Former Black Panther leader Bobby Rush, who transitioned to politics and became a prominent U.S. Congressman out of Chicago, has announced he is ending his illustrious 30-year career in Washington.
Rush is also renowned for being the only man who defeated up-and-coming state Sen. Barack Obama for the congressional seat back in 2000.
Rush, 75, will officially announce his retirement from his congressional seat after his 15th term on Tuesday, Jan. 4, 2022, at Roberts Temple Church of God in Christ. It is the famous temple that held the funeral for Emmett Till in 1955 — an event that became a clarion call for the Civil Rights Movement that Rush was an integral part of.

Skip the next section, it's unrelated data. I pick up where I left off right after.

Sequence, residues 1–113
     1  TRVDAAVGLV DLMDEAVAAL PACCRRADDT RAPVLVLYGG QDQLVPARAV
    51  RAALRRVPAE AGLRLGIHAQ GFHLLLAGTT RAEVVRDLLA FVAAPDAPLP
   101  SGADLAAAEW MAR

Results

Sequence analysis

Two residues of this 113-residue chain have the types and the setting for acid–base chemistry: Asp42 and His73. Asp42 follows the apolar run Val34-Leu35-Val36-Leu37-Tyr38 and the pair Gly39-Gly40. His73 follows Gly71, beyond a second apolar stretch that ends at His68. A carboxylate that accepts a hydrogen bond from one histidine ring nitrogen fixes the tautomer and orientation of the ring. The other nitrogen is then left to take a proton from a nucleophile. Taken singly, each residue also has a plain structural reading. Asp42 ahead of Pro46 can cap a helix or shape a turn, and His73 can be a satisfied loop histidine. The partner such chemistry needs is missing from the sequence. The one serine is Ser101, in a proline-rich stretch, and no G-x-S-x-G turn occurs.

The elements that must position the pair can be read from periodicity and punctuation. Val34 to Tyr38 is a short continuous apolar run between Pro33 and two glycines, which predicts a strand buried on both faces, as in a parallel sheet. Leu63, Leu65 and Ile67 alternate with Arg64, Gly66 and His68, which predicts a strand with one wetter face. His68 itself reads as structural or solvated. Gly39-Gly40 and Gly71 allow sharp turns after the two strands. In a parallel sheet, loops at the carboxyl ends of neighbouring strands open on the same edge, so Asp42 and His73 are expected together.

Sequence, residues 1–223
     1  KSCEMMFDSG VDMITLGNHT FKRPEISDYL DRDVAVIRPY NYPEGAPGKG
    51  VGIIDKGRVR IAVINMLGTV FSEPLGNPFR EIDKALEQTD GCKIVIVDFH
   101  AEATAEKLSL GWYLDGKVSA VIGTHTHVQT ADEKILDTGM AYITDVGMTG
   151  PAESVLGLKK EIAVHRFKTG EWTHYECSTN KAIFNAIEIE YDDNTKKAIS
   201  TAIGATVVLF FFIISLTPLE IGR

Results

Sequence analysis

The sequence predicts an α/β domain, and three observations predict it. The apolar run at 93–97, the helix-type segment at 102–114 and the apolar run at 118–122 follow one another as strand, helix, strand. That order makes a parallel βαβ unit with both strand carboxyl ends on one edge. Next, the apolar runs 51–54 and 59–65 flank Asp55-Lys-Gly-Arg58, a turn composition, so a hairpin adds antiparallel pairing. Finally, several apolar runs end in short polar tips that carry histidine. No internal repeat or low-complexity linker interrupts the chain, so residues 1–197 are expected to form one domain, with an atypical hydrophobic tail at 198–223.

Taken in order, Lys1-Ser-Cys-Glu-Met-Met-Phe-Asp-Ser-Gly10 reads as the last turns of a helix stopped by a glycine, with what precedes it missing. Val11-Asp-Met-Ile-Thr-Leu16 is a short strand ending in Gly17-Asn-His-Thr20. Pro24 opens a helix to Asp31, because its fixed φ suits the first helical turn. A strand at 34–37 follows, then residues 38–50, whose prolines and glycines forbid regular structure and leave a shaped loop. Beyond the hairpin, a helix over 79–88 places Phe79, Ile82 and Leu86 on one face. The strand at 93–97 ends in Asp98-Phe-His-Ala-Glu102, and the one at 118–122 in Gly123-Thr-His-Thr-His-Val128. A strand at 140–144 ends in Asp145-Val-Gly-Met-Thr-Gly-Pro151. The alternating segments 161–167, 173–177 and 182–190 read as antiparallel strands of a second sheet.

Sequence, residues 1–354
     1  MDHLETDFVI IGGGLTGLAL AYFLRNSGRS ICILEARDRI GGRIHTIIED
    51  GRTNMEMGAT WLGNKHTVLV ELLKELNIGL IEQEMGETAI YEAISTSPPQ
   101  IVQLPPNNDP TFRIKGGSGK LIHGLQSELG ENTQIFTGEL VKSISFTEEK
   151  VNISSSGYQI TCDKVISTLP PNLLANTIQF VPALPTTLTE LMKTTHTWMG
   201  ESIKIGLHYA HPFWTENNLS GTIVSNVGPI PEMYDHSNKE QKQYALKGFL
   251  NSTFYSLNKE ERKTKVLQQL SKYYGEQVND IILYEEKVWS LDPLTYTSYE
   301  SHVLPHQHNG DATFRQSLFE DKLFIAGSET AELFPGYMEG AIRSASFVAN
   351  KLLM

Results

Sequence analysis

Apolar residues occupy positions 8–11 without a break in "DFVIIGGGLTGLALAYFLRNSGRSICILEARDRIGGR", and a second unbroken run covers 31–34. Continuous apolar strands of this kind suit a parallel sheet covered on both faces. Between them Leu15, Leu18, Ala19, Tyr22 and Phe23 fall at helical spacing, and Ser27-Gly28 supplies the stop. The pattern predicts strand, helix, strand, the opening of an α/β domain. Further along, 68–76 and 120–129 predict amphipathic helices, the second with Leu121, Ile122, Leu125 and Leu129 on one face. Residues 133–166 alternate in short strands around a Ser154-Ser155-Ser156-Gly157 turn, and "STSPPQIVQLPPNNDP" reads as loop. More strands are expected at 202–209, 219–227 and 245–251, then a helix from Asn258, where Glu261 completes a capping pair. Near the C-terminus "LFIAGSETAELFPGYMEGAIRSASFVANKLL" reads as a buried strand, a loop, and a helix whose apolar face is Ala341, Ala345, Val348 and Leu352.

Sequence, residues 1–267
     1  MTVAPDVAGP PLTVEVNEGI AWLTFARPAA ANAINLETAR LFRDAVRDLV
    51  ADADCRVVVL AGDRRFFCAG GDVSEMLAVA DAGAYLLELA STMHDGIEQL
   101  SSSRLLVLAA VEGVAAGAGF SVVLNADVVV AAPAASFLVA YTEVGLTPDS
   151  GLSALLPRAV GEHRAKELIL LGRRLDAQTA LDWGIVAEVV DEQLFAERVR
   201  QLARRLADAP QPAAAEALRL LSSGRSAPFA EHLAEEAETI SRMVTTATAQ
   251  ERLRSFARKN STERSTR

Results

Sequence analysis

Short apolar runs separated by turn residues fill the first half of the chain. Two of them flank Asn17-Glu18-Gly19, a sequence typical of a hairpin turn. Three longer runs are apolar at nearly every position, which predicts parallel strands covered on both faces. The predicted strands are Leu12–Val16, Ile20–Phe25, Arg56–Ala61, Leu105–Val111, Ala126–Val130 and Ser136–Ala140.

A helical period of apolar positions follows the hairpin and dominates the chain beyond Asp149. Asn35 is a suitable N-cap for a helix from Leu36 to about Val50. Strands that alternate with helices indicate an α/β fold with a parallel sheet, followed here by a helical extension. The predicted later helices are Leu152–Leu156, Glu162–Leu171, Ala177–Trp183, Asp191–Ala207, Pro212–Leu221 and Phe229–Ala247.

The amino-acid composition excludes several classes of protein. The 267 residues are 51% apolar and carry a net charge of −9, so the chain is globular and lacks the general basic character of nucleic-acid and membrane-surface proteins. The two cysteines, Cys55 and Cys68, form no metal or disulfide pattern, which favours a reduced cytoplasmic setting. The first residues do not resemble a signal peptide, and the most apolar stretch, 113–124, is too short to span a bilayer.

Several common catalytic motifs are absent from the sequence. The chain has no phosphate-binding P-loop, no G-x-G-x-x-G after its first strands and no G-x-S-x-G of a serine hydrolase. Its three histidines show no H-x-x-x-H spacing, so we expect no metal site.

In fact, Rush was a leader in the Illinois chapter of the Black Panther Party. He worked alongside BPP leader Fred Hampton in Chicago in the late 1960s before Hampton and Mark Clark were assassinated by Chicago police. Their story was played out in the critically acclaimed film, Judas and the Black Messiah.
According to the Chicago Sun-Times, Hampton told journalist Lynn Sweet that his decision came not long after a conversation with his 19-year-old grandson who wanted to know more about him.
“I don’t want my grandchildren … to know me from a television news clip or something they read in a newspaper,” Rush said. “I want them to know me on an intimate level, know something about me, and I want to know something about them. I don’t want to be a historical figure to my grandchildren.”
During his career as a Black Panther leader and then a congressman, Rush never lost his verve for social justice advocacy. Below is Rush’s protest at the U.S. Capitol following the 2012 killing of Trayvon Martin. He was immediately escorted out of the chambers for wearing a hoodie instead of a suit.
Link to Original Rolling Out